Death Note (2017)
Genre : Fantasy
Country : USA
Nat Wolff : Light Turner
Lakeith Stanfield : L
Willem Dafoe : Ryuk
My opinion on “Death Note”
You’re asleep and you’re dreaming of some eight-foot-tall,demon-looking motherfucker.”
The fact one outsmarted Death was the cause of a lot of trouble in “Final Destination“, resulting in a whole series of victims. Recently I saw “Wish upon” with a Chinese music box falling into the hands of a teenage girl. A music box she used to fulfill certain wishes. Only this wasn’t without consequences and individuals here also died in gruesome circumstances. “Death note” is again a variation on the subject.
Here it’s the student Light Turner (Nat Wolff) who gets a mysterious notebook thrown into his lap. Whose name is written in it, is doomed to die. And this notebook is accompanied by Ryuk. A kind of hedgehog-like God of death who passes on the notebook if necessary and ensures that the rules described in the booklet are strictly followed by the owner of the book. Light Turner sees an opportunity to rid the world of unwanted criminals. Praiseworthy and noble, but of course not without consequences. Before Light realizes it, the entire police apparatus is behind the mysterious murderer of scumbags from all over the world.
I guess you’d better skip it if you know the original manga.
Admit it! It sounds promising after reading the storyline. Well, I thought it sounded interesting. An original concept with plenty of possibilities to make it a breathtaking and extremely exciting fantasy story. And actually they largely succeeded in it. Provided you aren’t a fervent fan of the Japanese manga this film is based on. After reading a bit about the subject on the worldwide web, I can imagine that this film version feels somewhat limited compared to the original manga.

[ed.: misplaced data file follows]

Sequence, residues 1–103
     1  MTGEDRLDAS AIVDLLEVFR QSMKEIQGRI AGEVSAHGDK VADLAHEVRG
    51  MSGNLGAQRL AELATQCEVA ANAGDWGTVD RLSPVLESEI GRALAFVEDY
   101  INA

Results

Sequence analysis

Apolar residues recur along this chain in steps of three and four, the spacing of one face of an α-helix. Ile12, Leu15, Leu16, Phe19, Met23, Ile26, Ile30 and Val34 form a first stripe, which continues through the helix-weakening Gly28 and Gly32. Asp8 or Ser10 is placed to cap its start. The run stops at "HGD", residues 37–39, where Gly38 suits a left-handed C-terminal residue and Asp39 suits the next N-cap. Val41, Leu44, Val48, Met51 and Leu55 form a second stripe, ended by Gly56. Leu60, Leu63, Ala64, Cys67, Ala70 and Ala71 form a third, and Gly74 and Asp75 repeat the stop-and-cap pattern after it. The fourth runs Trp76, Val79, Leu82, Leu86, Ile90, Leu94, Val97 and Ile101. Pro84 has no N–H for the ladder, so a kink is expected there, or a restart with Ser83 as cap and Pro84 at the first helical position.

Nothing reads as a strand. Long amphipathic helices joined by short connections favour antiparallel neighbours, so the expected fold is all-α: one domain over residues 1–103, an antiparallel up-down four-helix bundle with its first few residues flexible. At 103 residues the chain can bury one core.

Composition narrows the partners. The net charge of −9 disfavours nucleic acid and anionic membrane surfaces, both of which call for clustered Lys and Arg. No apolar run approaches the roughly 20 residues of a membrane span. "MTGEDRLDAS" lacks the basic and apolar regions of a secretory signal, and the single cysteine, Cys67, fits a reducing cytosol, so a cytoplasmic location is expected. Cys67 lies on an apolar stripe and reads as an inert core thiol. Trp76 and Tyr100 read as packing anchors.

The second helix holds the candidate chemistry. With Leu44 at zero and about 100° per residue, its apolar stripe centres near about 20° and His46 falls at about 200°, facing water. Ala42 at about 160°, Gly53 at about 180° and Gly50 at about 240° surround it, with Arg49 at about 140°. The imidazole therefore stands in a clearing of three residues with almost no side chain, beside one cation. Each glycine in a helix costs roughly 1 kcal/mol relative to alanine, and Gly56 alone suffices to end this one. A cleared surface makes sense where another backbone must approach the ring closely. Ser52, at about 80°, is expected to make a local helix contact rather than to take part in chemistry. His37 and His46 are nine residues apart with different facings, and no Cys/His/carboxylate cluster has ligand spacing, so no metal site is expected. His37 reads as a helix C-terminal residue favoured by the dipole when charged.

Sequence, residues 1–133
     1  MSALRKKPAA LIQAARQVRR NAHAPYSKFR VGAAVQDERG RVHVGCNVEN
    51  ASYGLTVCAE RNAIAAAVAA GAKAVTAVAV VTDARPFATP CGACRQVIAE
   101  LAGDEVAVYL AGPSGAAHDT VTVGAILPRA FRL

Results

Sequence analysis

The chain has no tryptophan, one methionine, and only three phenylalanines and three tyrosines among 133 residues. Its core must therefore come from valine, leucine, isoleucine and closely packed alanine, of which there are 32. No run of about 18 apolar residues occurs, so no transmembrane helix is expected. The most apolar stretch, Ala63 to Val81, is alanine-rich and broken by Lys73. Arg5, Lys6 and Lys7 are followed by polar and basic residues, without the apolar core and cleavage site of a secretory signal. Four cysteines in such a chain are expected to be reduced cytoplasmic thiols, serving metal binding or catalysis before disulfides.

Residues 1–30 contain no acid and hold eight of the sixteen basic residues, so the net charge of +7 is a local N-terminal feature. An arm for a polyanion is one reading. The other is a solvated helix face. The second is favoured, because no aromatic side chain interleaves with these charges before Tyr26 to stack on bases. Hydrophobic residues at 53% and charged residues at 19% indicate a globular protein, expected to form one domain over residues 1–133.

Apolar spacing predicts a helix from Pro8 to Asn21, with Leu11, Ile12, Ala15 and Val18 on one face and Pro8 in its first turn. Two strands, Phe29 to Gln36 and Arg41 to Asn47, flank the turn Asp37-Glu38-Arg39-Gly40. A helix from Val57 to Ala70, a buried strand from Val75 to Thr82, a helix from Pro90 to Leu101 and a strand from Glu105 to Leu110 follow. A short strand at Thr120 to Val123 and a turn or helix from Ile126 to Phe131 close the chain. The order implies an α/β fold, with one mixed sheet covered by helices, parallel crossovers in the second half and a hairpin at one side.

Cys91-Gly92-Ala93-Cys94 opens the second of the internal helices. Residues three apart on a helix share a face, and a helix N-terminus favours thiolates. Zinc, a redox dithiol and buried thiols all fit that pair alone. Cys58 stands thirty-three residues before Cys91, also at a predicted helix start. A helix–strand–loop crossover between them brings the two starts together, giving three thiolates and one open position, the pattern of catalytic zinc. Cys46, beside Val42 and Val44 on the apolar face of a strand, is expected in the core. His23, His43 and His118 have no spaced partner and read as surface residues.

The original story in that manga is being spread out over 108 chapters and bundled in twelve manga booklets. That’s why this movie seems so chaotic and the story flashes past you in a rush. In retrospect, it wouldn’t be such a bad idea if they had made a series of it. The book “The Hobbit” only has about 200 pages and yet Peter Jackson managed to produce roughly eight hours of film to tell this tiny story. If one extrapolates this to this manga, this would probably result in rougly 100 hours of footage.
An amusing little Netflix flick (provided you don’t compare it to the original).
Fortunately I’m a complete nitwit when it comes to Japanese manga and I can judge this film without prejudice. I have amused myself with it. Not only did I find the concept intriguing and at the same time it was frightening how Light has control over someone else’s life, simply by putting a name down in a notebook. You can also expect some bloody scenes (“Final destination“-like) when an unfortunate victim dies. I thought Nat Wollf was convincing enough as the somewhat timid, bullied student who slowly grows into a merciless avenging angel. His girlfriend Mia (Margaret Qualley) has a fairly limited role and didn’t impress me so much.
Ryuk is by far the most interesting character. It’s largely a CGI creation. But thanks to the magnificent voice-over by Willem Dafoe, the entertainment factor of this mythical figure rises swiftly. The most disappointing character was L. (Lakeith Stanfield). A mysterious, young detective who’s just a few steps behind Light. But I’ll always remember him as the masked dude who maintained a peculiar seating position.
Japanese series … No thank you.
For a moment I was playing with the idea to watch the original manga one day. I think there’s little chance this will ever happen because I dislike series and Asian-oriented cultural objects aren’t quite my sort of thing. But I’m convinced the story will be far better and more intriguing. However, you’ve never seen the original? No harm done if you’d choose to watch this little treat.